E.A. Petricone’s story “Not All Rot Is Ruin” was published in Metaphorosis on Friday, 22 January 2021.
A few things were on my mind when I started writing “Not All Rot Is Ruin”:
Grief, for one—particularly the type that’s tough to hang a hat on. Grief for the things that you don’t do, or the doors that close as you make choices (or don’t make choices…which is a choice), grief for the things you’ll never be and the fantasies you never realize.
Letting go seems like a form of decomposition (with all its attendant ickiness and miracle). It’s not pretty and it’s certainly not fun but it’s one of the “realest” human experiences—and it’s how we get to better things.
Meanwhile the image of dead flies coming out of a person’s head just kept coming up in my mind.
I’m a “pantser” writer, anyway (I might know a few beats of a story beforehand but how the heck anything happens is a discovery process) and this was one of my pantsiest stories. I didn’t know where Leda was going to go next or what the twins would say. Absurdity (in thought, in action, in the world) always seems to be grief-adjacent, so I embraced that and let Leda lead me along.
Not sure if this belongs here, but something funny happened on the day I completed the revisions for “Not All Rot is Ruin.”
So, it’s been years since any flies have found their way into my apartment. But on the day I sent my final revisions in to Morris—like, not just the day but within a half-hour of sending the email—two robust and very buzzy flies came out of nowhere and started chaotically flying around the kitchen and living room.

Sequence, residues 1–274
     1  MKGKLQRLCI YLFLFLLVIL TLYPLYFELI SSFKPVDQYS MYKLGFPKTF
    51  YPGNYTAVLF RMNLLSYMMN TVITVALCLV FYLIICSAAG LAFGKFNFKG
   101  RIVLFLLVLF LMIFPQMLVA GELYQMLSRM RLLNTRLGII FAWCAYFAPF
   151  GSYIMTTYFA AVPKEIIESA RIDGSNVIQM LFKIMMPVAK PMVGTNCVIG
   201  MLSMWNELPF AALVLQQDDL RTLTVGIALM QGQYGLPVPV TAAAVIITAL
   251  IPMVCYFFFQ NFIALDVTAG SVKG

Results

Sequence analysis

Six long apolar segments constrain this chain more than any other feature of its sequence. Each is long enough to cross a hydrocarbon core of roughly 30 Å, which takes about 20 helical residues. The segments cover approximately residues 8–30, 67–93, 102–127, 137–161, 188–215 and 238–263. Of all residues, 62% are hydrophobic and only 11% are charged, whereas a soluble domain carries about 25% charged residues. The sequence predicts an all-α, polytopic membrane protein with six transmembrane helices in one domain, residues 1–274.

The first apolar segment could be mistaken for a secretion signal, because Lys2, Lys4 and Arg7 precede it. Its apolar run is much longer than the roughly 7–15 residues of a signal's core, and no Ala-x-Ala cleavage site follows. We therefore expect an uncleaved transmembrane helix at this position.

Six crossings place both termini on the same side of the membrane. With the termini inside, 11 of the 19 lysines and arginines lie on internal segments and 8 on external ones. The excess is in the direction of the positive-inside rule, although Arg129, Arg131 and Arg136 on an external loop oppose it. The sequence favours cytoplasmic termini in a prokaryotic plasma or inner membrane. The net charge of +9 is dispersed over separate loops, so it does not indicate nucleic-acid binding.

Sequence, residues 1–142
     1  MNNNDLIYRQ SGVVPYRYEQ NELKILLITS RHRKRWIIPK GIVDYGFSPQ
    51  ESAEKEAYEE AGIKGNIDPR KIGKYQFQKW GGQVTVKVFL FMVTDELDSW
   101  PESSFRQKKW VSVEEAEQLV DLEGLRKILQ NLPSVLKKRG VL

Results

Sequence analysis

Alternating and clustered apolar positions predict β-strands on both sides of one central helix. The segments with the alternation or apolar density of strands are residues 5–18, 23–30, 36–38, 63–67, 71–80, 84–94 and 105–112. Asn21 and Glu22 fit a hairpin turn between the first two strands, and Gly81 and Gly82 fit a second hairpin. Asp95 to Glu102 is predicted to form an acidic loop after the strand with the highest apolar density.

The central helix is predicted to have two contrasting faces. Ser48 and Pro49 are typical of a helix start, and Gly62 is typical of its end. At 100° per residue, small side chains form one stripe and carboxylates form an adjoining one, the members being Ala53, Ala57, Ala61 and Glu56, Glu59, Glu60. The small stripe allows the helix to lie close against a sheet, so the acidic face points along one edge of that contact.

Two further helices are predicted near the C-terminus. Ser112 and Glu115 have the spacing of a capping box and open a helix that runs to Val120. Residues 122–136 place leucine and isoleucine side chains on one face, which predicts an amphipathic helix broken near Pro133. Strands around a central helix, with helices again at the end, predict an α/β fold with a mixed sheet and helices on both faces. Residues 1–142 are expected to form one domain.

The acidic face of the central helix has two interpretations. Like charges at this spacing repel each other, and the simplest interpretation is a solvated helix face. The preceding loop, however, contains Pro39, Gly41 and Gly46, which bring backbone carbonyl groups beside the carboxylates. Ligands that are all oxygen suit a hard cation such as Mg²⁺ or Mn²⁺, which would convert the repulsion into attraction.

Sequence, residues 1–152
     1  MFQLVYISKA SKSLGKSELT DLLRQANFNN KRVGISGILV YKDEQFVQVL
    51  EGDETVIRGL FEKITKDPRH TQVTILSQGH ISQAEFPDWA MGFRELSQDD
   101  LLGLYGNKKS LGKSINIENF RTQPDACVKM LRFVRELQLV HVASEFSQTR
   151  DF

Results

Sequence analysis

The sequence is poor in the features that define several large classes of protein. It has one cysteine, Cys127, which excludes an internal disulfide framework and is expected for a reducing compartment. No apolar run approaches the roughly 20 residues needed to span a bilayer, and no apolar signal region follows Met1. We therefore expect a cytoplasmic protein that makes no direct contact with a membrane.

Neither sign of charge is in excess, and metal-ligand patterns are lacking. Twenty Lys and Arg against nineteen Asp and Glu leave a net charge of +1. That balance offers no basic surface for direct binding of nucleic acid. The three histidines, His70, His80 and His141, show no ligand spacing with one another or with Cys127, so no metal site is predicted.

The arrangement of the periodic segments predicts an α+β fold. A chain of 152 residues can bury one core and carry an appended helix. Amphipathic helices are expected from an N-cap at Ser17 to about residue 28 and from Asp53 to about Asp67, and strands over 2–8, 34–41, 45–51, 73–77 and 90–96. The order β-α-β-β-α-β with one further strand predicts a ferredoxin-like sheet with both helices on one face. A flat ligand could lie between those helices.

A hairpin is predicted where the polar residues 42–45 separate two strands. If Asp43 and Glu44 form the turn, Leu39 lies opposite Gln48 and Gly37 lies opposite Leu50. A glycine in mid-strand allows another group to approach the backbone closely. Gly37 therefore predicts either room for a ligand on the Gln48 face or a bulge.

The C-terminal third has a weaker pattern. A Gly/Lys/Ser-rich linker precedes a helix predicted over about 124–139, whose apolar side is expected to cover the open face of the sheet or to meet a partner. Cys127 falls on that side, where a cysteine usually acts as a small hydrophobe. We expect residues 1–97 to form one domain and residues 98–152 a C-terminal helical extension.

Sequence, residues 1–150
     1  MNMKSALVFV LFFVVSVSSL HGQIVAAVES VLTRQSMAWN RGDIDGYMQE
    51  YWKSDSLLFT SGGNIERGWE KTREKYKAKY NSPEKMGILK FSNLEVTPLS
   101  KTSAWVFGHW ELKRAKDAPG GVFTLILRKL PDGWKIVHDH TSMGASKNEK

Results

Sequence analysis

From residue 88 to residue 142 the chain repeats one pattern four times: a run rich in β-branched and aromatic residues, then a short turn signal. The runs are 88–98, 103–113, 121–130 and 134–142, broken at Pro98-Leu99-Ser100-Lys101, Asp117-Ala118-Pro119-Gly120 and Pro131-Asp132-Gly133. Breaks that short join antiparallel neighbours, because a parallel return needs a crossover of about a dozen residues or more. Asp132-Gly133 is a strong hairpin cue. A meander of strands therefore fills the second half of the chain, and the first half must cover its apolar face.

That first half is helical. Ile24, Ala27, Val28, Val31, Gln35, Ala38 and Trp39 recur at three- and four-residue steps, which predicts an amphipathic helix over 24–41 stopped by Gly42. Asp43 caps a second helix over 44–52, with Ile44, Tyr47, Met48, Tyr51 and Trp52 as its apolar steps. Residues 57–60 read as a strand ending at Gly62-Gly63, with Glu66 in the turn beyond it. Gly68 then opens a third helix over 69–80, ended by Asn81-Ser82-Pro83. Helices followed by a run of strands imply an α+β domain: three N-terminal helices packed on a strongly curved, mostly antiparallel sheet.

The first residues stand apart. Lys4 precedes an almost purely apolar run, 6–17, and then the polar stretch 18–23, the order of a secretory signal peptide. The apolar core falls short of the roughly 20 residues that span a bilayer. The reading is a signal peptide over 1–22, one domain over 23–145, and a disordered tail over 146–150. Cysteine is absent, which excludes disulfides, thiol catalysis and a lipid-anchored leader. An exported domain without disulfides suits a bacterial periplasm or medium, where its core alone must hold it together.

Where did they come from? All the windows were closed and I’d been at my desk for hours and hadn’t seen or heard a thing.
Typically my policy is to relocate all the small and “you’re great, but outside” animals—I have a spider jar by the door that’s kind of like the Popemobile, except it’s for transporting spiders and disgruntled beetles and stuff—but the flies were so wicked annoying. They had two wide-open windows to escape through, but they preferred to bounce off everything else instead.
I tried waving them out, I tried sneaking up on them and getting them in a jar, I got so frustrated that I got a broom and was ready to swing and squish. But that didn’t feel right.
Ultimately it took me twenty minutes to get them out, one by shoo and one by jar. I still don’t know how they got in that day, and not a single fly has buzzed in the apartment since.
It’s probably a total coincidence that they showed up right then, but in the scheme of fly symbolism, it seems like a good sign, right? A hat tip from the living to the fictional dead. In any case, I hope that once my visitors escaped they lived happy fly lives and played good fly roles in the ecosystem.
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